01/25/2014 08:23 EST | Updated 03/27/2014 05:59 EDT

Root for Your Ancestors During the 2014 Olympic Games


The Winter Olympics in Sochi is just around the corner, and like most Canadians I am looking forward to cheering on Canada's team members. While we have a lot of medal hopefuls, the reality is that I love all the Olympic sports, even those with no Canadians competing. So I have dilemma, who should I cheer for in those circumstances?

Many of us know where our immediate ancestors are from, but shockingly, 56 per cent of Canadians cannot trace their family history back more than 100 years, and 44 per cent don't even know when their ancestors first arrived in Canada. That means millions of Canadians could have ancestral links to all kinds of countries they don't even know about. The Olympics might be a good time to start investigating!

Like many Canadians, I come from a family that is relatively new to Canada, with my parents coming over from England in the 1950s. Of course, England isn't exactly a winter sport power. However, if I look back far enough into my past I can detect a Nordic link. My maiden name, Thurgood, can be traced back to the name Thorgot (God of Thor). But not everyone can simply look to their name for ancestral clues.

Beginning the search for your immigrant ancestors is an exciting adventure. It carries you across seas to faraway lands where you begin to learn about your family's journey, including how they traveled to Canada, when they arrived and sometimes even why they left their homeland in the first place.

If you've ever been curious about where your family originated, there are many records available online through public archives or sites like that can help.

Passenger lists should be your starting point; they list the names of every passenger travelling by ship to and from major North American and European ports, as well as where the family came from, when the ship left port, where and when the ship arrived at its destination and, sometimes, are accompanied by a photo of the exact ship your family traveled on.

Piecing together information like when the ship left and the location of the ship's departure can also paint a picture of why your ancestors may have chosen to leave their homeland. For example, if they left Ireland in 1846, there is a strong chance they were fleeing the potato famine. They can also include valuable information about the place of origin of their ancestors, which can lead to further discoveries by simply tracing the line through time.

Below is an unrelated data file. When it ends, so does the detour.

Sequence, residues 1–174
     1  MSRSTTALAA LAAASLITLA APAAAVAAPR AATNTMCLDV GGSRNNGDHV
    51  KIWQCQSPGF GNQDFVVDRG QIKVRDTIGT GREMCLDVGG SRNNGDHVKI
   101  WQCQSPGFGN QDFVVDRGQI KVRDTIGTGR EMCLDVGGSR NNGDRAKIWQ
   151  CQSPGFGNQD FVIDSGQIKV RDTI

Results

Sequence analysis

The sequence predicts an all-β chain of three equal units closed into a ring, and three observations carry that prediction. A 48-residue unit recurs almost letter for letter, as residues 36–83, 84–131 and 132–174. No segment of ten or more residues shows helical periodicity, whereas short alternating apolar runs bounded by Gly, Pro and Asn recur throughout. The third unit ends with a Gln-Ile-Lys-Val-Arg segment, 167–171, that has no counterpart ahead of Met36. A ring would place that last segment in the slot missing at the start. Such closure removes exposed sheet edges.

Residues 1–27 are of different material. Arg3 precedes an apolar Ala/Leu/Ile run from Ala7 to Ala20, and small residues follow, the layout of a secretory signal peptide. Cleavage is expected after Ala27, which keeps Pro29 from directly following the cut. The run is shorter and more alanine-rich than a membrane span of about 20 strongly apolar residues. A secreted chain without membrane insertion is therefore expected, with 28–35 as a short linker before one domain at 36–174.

Examining the port of arrival helps you determine the journey your ancestors took once they finally arrived. Many ships arrived in ports like Halifax, Quebec City, New York City or Vancouver, but your ancestors may have ultimately ended up much farther inland. Pairing the Passenger List information with records like Censuses, City Directories and Border Crossings can help you trace the story of their travels over land and whether they stayed at the port of arrival for any length of time or if they went straight to their final area of settlement.

We all have rich family histories with ancestors from around the world. I have heard countless examples of family history enthusiasts discovering family ties to countries they previously didn't know had played any role in their family journey. Learning where your family originated is one of the most gratifying aspects of building your family tree. It can connect you with new family members and even introduce you to new traditions. In the absence of a Canadian athlete, it can also help you to decide who to cheer for during the Olympics.